The study found that 97 percent of respondents say when they have a trip planned, it makes them happier. Additionally, just talking about planning a trip — even if you don’t make any reservations yet — can boost a person’s frame of mind. The report also noted that Americans are experiencing the lowest level of happiness in 50 years due to the ongoing pandemic and lockdowns.
Personally, I haven’t traveled for almost one full year. I typically fly somewhere for work or vacation about four times per year. So, it’s obvious that I need, at the very least, to TALK about planning a trip. The first thing I should do is remember all the wonderful experiences I’ve had while traveling. Here’s a short list:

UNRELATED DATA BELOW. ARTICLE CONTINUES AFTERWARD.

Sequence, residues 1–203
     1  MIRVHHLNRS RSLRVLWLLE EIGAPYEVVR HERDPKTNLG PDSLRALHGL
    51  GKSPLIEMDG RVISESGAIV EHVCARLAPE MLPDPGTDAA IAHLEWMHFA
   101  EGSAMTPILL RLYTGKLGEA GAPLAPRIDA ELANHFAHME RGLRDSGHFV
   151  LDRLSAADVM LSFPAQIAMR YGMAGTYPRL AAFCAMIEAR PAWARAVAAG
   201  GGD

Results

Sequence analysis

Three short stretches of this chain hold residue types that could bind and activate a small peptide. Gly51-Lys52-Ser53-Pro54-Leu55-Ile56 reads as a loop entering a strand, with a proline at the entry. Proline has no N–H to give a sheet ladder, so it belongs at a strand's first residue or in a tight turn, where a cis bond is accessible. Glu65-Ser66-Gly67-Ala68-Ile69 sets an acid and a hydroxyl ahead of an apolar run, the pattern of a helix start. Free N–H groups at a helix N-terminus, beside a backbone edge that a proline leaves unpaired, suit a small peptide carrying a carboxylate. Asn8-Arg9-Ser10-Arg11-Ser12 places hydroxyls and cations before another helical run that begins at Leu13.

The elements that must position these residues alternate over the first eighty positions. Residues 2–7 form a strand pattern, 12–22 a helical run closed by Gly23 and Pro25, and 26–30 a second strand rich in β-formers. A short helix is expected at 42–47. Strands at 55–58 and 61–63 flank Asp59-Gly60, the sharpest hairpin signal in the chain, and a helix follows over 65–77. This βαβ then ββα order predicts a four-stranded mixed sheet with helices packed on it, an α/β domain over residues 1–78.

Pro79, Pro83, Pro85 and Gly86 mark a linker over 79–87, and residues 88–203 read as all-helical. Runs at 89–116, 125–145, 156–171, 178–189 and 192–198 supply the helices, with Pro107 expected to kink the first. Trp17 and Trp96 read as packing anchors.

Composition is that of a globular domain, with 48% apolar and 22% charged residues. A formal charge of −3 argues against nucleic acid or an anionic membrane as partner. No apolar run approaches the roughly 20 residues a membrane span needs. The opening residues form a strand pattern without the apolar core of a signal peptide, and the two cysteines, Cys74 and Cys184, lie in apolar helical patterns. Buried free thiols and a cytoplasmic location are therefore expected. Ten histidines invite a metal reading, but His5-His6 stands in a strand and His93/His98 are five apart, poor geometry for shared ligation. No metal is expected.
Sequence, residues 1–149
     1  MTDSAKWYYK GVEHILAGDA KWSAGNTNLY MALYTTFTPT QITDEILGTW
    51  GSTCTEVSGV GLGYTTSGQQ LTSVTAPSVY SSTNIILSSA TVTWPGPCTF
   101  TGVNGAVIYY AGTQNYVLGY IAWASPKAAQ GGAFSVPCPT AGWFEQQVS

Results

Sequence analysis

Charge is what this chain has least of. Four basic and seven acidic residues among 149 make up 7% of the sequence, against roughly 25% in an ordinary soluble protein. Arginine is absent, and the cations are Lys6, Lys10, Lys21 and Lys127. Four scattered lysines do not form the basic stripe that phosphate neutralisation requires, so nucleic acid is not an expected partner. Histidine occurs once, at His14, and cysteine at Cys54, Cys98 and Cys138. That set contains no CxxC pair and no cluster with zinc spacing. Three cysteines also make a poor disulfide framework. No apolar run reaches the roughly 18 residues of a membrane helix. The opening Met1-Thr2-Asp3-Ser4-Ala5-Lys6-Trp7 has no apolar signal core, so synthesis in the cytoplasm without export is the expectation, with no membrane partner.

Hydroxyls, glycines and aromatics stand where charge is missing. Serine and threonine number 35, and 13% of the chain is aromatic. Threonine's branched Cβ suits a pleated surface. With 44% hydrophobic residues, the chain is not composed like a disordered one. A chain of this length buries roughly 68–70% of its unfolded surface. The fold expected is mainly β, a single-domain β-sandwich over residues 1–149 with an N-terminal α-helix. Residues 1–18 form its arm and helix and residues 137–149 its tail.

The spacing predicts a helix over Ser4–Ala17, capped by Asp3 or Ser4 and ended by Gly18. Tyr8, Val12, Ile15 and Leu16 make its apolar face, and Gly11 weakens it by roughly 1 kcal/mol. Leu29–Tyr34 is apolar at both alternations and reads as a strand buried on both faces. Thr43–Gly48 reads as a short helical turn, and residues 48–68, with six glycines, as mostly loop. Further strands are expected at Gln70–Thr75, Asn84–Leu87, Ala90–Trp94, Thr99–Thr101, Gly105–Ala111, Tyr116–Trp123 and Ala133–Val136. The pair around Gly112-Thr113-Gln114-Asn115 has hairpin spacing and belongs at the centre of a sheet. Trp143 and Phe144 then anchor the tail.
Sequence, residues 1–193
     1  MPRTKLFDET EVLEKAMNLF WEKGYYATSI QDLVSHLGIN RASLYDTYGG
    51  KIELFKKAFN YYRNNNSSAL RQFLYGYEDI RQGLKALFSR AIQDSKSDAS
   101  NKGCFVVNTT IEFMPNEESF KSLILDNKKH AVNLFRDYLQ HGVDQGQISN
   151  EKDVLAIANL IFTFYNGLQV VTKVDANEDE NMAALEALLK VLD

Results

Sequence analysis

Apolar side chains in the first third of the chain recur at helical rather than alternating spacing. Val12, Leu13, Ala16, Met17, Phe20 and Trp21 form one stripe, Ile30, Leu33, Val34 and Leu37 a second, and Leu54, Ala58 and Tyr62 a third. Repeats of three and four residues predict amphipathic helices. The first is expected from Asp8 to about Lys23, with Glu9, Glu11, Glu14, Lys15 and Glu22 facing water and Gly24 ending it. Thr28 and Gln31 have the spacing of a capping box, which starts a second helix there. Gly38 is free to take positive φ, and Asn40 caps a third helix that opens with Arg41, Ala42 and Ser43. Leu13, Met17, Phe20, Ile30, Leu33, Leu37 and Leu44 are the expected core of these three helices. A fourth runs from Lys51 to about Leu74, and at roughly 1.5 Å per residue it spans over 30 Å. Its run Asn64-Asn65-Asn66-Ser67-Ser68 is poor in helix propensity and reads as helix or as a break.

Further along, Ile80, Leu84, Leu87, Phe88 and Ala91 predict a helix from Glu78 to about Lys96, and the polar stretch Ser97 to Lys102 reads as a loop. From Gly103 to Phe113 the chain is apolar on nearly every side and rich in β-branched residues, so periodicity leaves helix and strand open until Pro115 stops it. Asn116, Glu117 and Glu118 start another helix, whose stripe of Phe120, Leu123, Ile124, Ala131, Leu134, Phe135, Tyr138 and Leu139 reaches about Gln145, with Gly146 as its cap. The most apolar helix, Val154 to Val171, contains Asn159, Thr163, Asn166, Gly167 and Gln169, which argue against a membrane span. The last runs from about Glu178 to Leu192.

One winter many years ago, my wife and I flew to Florida for a vacation. But mechanical problems caused our flight from Hartford to be delayed, which made us miss our connecting flight in Charlotte. So, instead of getting to Florida at 1 p.m., we arrived close to midnight. We were famished, but every restaurant and grocery store within a 100 mile radius was closed. The condo we were staying at had exactly 3 stale saltine crackers in a kitchen cabinet and a jar of mustard in the fridge. I discovered that when you’re hungry, you’ll eat anything.
One time on a business trip, one of my clients came down with the flu, and while the rest of us were attending seminars, he spent the whole day sleeping in the back seat of the rental car. On the way home, we practically had to carry him through O’Hare Airport to catch our connecting flight. (Again with those darn connecting flights!)
You know, that study was right. Just talking about my travel adventures has put me in a better mood. I am very happy right now — happy that I have NO travel plans for the foreseeable future!